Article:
In January, Congressman Bennie Thompson submitted a House Resolution for the Medgar Evers National Monument Act. This resolution, HR 4895, would establish the home of Medgar Evers as a national monument.

However, this is not the first time a monument has been suggested for monument status. In one article it cited that U.S. Interior Secretary Ryan Zinke proposed three new locations for national monuments earlier this year, Montana, Kentucky, and an Evers monument in Mississippi. Both Mississippi Senators Cochran and Wicker were behind the idea after Evers’ home that was already designated as a National Historic Landmark in February of 2017.

Evers home was designated a National Historic Landmark under the Consolidated Appropriations Act of 2017. Within that act was a recommendation from National Park Service that those designated areas also consider being examined for possible monuments.

According to USA Today, if the home were designated as a national monument it would then put the home under the NPS, taking the responsibility of upkeep off of Tougaloo College. As of now, the home is operated as a museum, visited by appointment only.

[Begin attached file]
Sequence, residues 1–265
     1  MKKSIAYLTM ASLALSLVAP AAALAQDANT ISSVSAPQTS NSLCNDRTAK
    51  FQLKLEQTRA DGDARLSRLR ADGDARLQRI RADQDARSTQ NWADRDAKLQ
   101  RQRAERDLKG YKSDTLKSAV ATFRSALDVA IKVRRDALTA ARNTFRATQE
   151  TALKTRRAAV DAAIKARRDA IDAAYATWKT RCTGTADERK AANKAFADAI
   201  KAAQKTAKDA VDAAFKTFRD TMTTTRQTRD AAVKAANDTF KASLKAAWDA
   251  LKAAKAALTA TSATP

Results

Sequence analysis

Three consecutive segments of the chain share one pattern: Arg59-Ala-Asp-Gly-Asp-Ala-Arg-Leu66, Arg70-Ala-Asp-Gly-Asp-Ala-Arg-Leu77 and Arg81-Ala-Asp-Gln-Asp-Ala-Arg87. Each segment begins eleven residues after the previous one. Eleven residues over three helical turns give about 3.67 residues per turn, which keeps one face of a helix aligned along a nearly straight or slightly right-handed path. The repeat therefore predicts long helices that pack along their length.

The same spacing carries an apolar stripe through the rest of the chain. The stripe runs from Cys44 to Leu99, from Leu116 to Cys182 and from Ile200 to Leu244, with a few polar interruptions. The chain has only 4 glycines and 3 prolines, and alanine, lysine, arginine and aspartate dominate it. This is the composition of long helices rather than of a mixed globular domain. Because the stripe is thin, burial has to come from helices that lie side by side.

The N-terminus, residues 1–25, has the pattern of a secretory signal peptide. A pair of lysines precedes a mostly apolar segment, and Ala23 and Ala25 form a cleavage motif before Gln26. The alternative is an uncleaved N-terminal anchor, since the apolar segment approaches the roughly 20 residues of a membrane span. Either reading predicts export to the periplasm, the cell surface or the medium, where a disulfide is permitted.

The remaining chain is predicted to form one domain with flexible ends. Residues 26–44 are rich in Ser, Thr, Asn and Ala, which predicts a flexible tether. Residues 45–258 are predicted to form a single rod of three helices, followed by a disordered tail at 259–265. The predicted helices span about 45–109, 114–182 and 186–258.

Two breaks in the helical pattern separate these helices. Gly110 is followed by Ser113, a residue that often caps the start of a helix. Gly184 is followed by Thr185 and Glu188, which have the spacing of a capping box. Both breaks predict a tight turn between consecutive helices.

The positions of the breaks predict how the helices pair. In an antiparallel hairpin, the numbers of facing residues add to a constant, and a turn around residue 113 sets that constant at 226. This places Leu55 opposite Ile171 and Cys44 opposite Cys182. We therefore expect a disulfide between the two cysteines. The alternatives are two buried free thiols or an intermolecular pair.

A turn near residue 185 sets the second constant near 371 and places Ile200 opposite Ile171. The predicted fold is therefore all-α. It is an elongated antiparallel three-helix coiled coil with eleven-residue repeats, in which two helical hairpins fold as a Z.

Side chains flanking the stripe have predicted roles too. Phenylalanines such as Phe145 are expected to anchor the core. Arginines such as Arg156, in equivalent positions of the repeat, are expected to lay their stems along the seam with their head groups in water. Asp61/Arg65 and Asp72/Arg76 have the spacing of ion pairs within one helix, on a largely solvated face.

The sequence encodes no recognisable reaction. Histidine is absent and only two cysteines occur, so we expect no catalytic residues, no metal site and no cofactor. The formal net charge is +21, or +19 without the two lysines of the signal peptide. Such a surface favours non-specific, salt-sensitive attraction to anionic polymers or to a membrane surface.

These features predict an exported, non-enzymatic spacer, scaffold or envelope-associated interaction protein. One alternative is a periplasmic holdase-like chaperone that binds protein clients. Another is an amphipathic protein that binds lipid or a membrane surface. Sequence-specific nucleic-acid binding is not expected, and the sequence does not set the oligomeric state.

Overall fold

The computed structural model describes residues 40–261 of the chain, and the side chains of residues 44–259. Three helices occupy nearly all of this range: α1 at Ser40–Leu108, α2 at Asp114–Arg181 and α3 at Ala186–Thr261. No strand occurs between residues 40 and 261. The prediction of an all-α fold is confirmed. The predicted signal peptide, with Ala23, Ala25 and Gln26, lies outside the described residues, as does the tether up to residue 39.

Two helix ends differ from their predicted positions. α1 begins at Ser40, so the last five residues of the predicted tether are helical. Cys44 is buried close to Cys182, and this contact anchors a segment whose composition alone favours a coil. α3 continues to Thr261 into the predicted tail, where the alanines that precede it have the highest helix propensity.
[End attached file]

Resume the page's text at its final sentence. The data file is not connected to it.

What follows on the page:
If the current resolution passes through the House and makes it’s way to President Trump, all signs point to positive reception after the President spoke on Evers’ work while attending the opening of the Mississippi Civil Right Museum in December.

Thompson declined to attend the opening of the Museum of Mississippi History and Mississippi Civil Rights Museum in Jackson after learning that President Trump would be there. Senator Cochran sent regrets at the last minute, and Senator Wicker spoke with dozens of other guests, including Mrs. Myrlie Evers, Medgar Evers’ wife.

Evers was killed by a gunshot on June 12, 1963 as he left a meeting with NAACP lawyers. Byron De La Beckwith, a Ku Klux Klan member was arrested for the murder but juries could never make a final decision on the accused. He stayed free until a conviction in 1994.  Evers served as the first field secretary for the NAACP in Mississippi during the civil rights movement.